“Historically, Lebanon prospered as a result of inflows of people and funds – people who came to take refuge in Lebanon and also funds. If we look at the post World War 2 period when modern Lebanon became independent and also at previous periods that Lebanon went through – and I mean over the past 100 or 200 years – one thing that was common to all these eras is its liberal economic system that was adopted by all who lived on this land. The constant was the liberal economic system.”____ Joe Issa El Khoury
Sami J. Karam speaks with Joe Issa El Khoury, a Beirut-based financier, about the tragic events that have unfolded in Lebanon since 2019. A sharp fall in the currency, a banking freeze, a political crisis, hyperinflation, and widespread street protests made 2019 a difficult year. But these events were then compounded by the Covid-19 pandemic and the explosion in the port of Beirut in 2020.
Issa El Khoury explains the sequence of events that led to the present, and offers a possible way forward.
- 0:00 Introduction of Joe Issa El Khoury
- 2:25 What is it like right now on the ground in Beirut?
- 8:33 Why did Lebanon have a golden period in 1945-75; why was it later so prone to crisis?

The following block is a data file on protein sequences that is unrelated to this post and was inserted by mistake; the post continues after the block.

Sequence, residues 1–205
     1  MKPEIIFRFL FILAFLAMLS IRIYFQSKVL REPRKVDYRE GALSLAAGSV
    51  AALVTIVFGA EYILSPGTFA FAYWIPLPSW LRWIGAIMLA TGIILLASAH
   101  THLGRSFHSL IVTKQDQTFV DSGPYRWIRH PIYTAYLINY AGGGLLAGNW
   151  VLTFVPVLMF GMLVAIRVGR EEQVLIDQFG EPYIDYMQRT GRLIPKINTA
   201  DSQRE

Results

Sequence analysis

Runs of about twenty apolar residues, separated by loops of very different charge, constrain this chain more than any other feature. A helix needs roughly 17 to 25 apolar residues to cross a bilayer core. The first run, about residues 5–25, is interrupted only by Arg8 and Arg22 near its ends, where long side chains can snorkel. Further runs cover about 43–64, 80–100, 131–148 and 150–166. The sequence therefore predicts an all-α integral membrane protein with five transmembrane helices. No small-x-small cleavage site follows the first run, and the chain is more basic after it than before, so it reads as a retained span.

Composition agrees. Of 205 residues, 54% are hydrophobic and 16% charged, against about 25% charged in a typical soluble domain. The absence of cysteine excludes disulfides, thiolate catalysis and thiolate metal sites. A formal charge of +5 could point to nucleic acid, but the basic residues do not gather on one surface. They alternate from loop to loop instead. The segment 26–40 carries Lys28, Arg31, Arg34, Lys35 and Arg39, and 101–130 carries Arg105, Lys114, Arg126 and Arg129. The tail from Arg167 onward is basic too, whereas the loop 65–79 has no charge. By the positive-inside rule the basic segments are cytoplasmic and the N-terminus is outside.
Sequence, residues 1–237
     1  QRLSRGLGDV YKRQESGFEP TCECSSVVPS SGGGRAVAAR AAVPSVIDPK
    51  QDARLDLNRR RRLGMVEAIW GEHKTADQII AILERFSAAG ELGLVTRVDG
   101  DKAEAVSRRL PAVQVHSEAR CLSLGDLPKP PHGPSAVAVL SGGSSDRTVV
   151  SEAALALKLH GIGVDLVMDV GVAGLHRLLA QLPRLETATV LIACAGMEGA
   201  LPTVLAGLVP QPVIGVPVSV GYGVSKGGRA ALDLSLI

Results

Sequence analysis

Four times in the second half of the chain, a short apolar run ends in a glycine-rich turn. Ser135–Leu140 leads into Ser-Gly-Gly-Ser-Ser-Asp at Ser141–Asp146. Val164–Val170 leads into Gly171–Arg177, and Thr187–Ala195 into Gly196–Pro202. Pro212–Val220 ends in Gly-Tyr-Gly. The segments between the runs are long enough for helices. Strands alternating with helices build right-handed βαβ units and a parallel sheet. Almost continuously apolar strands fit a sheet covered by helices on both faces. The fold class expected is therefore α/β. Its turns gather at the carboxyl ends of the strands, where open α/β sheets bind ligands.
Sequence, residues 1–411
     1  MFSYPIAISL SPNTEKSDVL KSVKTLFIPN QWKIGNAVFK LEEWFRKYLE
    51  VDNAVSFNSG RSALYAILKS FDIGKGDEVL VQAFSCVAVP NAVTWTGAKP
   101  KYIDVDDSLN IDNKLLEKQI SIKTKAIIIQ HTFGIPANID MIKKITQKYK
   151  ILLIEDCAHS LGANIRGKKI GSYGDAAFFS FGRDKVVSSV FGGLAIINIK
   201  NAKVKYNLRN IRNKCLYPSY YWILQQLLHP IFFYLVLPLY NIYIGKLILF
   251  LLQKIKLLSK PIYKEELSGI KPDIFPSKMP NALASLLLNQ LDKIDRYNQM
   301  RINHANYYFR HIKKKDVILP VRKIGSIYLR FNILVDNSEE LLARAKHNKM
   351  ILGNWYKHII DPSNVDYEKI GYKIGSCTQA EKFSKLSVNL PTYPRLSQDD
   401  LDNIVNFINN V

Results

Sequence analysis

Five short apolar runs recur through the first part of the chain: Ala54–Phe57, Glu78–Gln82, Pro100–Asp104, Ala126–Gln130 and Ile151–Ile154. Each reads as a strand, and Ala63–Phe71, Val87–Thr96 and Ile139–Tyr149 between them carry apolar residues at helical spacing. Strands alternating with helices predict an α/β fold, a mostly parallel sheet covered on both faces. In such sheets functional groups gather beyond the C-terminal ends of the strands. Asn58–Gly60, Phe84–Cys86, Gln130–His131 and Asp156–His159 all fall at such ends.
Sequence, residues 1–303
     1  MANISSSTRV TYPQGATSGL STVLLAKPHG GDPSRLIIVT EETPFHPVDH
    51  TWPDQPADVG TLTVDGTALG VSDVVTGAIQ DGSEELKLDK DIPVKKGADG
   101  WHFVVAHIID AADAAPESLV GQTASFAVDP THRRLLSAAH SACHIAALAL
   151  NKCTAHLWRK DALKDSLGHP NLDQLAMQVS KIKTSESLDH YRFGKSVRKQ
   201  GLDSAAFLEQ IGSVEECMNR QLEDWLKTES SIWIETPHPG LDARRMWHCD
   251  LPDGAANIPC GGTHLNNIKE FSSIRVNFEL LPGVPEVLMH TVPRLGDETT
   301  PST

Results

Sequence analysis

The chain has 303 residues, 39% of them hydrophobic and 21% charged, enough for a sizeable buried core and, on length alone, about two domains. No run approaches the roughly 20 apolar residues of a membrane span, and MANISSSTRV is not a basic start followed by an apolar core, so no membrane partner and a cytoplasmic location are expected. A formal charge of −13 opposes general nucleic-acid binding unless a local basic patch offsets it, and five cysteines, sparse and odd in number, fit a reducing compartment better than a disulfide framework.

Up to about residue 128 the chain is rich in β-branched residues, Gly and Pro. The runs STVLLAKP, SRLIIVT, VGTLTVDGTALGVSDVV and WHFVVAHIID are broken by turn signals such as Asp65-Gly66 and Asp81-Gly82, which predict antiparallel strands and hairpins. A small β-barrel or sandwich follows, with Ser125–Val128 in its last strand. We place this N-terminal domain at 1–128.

- 17:40 The Rafik Hariri era and the return of growth 1990-2005
- 20:00 What explains the weakness of the Lebanese state: geography and demographics
- 26:30 Lebanon’s diversity as a source of wealth; Example of Lebanese cuisine
- 30:40 Crossing the line from a laissez-faire economy to a crony economy
- 35:05 The real estate boom of 2007-11
- 36:55 The impact of the Syrian civil war
- 39:10 Crowding out the private sector
- 44:10 The proximate factors that led to the meltdown
- 46:15 The current condition of the banking sector; Role of the Central Bank
- 51:00 Will depositors suffer a haircut? The Lazard and other plans
- 54:45 Talk of privatization of state assets
- 59:45 Political patronage in the public sector
- 1:01:50 “All roads lead to Washington DC and the acronym IMF”
- 1:05:20 Political reform and the role of the diaspora
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Sinclair Lewis called it “the sedate pomposity of the commercialist”. Now it has spread to many parts of society, not always in its sedate form.
Back in our final days as architecture students in Austin, our class had a farewell gathering with a professor who had been a valued mentor to several of us. As was habitual on such occasions, the professor was discussing with us the work of various architects when the subject of a newly-constructed building came up.
“I hate that building”, one classmate said flatly.
After an awkward silence, the professor mocked: “you mean, strongly dislike?” Off guard, the offending party protested that his use of the word was innocuous then and there. The professor conceded as much but explained that it was a visceral word, the kind of word that forestalls further discussion and that hardens the speaker’s and listener’s opinions. It is difficult to walk back or to change your mind from “hate”, and easier to do so from “dislike” or even from “strongly dislike”, he argued. His advice was to leave in one’s words an open path for retreat, in essence to never burn one’s rhetorical bridges.